Sigh No More
Ian Church is impressed by Mumford and their assortment of Sons…
I was drawn towards the Newcastle Students Union to see what all the fuss was about.
With their infectious ukulele and acoustic guitar driven songs it is no surprise Mumford and Sons have become successful not just in the UK, but across the world. It is for this reason I was drawn towards the Newcastle Students Union to see what all the fuss was about.
Refreshingly in Fanfarlo, there was a support act which actually reflected the musical genre of the main band. So many times I have seen performances spoiled by a seemingly completely irrelevant support act; Lethal Bizzle supporting The Wombats a few years ago is a good example.
The unusual, yet successful usage of both string and brass worked to good effect with Fanfarlo arguably being the better known of the two bands if the gig had taken place only a few months ago, although Mumford and Sons seemed to recognise this and were thankful for Fanfarlo’s willingness to support them.
It was also apt that the gig was on a Sunday evening, as their chilled out songs aren’t the kind to particularly dance to.
Mumford and Sons opened with ‘Sigh No More’ their debut single and the name of their first album, released in October of last year. With the clever use of a variety of instruments, including a cello, ukulele, bass and acoustic guitar, keyboard, trumpet and trombone there was pretty much an entire orchestra on stage most of the time, with each band member capable of playing at least two of the aforementioned instruments. It was also apt that the gig was on a Sunday evening, as their chilled out songs aren’t the kind to particularly dance to.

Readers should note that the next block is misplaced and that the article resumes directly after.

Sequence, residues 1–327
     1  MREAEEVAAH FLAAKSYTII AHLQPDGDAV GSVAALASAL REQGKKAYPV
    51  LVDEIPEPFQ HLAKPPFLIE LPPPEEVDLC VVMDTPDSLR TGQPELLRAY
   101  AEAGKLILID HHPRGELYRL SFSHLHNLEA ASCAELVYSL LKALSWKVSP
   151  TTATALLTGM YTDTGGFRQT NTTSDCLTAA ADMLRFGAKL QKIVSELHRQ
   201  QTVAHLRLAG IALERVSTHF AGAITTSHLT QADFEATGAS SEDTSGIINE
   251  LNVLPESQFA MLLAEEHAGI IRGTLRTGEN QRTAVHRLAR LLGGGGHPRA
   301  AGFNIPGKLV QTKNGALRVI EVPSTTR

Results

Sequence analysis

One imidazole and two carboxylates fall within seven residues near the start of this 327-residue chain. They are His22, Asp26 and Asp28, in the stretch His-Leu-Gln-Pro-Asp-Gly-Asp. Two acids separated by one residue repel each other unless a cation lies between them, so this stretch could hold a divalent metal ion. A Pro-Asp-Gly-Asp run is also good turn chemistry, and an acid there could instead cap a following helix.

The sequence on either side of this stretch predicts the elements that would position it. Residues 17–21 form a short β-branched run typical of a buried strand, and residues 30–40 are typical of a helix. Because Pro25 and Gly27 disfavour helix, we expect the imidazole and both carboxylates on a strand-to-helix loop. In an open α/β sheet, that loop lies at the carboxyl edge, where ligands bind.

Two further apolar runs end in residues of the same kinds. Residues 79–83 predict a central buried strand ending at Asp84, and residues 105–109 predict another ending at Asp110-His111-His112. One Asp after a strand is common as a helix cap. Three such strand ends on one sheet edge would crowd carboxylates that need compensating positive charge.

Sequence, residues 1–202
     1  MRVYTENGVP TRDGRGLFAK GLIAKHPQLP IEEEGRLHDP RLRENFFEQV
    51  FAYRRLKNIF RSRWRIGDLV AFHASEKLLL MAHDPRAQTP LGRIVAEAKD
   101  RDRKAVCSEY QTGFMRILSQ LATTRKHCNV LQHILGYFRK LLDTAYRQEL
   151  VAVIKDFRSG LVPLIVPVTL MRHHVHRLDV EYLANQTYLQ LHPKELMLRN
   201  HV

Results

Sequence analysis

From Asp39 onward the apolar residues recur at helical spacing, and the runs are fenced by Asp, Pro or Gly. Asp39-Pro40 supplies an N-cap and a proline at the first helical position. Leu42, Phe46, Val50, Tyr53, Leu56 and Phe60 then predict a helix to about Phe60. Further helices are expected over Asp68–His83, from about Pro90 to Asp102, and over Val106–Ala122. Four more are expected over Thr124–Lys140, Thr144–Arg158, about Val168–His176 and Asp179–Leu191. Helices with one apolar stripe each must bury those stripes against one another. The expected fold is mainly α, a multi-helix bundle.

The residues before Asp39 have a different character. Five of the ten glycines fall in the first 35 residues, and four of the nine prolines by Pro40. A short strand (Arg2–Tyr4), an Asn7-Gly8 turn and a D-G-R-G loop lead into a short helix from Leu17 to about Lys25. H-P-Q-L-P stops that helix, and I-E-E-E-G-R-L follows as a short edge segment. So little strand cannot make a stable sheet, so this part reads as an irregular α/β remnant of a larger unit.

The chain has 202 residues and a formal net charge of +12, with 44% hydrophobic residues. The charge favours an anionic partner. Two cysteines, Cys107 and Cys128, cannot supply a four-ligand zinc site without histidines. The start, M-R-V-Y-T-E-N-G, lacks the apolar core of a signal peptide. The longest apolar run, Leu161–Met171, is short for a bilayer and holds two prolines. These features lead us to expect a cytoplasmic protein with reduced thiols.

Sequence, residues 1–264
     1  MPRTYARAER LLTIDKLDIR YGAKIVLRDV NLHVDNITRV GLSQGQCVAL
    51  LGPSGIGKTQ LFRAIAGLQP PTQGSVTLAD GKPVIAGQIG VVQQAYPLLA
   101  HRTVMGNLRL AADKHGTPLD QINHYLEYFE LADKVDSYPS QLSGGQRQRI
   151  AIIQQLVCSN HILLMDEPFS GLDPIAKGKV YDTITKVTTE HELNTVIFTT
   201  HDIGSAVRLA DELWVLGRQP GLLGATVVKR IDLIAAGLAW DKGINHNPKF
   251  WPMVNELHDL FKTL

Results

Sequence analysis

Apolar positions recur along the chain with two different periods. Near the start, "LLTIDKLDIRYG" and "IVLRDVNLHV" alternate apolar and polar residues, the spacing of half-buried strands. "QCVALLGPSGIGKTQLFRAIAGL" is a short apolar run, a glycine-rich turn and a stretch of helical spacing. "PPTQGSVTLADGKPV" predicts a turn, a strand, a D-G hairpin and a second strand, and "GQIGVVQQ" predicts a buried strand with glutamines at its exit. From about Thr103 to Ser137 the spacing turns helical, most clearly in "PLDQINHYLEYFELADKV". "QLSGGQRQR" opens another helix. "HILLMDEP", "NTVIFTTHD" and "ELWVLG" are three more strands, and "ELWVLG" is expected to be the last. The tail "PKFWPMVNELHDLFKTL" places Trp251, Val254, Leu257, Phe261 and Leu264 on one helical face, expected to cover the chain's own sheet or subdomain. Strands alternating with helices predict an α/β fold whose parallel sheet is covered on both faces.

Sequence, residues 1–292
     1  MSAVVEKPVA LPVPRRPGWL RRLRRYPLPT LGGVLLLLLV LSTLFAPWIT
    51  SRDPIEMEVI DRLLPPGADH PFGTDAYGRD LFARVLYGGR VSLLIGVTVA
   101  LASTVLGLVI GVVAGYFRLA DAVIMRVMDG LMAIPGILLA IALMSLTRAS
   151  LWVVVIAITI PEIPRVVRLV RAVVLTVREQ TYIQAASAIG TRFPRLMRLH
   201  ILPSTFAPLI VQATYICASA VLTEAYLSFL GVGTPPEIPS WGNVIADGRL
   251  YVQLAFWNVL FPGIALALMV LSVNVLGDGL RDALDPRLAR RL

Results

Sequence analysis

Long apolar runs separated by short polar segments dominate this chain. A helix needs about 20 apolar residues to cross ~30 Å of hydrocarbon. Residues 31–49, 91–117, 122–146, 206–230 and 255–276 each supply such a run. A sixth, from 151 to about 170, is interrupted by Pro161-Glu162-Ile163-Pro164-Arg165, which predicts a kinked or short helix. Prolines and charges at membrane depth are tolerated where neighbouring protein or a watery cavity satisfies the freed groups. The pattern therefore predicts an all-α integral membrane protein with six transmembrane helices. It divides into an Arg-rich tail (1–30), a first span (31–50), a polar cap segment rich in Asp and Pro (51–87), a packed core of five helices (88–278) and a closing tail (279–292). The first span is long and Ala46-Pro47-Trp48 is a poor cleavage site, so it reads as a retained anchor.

‘Winter Winds’ then followed, accompanied by the first interaction with the crowd from lead vocalist Marcus Mumford, who made a comment about Newcastle FC being promoted this year, only to probably regret it when he realised few of the audience were actually fans of the magpies.
Indeed one band member was credited with having ‘good chat’ and there was talk of ‘respect’
Like most other bands with only one recorded album Mumford and Sons had little choice but to play every track from it, which is not necessary a bad thing, but it does bring an air of predictability to the performance.
Mumford continued his good natured interaction with the crowd throughout, admitting that they were a little nervous about a performance in front of what was for them a large audience. I got the impression all the band would have quite happily stayed until the following morning, not necessarily playing, but just interacting with the audience, with Mumford himself claiming that they missed the intimacy of the gigs at smaller venues that they once toured. Indeed one band member was credited with having ‘good chat’ and there was talk of ‘respect’ which was amusing largely because of the bands distinctly middle class upbringing, but I got the impression they were aware of this.
The set ended with ‘The Cave’ the newest single off their album, which was the best received track of the night, and was met with a mixture of hand waving and swaying involved in equal measure. The encore then followed, surprisingly including an older song and a new one, neither of which anyone in the audience seemed familiar with. This was a little disappointing as the gig ended on a bit of low point, as surely it they should have kept ‘The Cave’ or ‘Little Lion Man’ to finish with? Despite this I thoroughly enjoyed the indie folk rhythms of Mumford and Sons, and no one else seemed to be complaining either.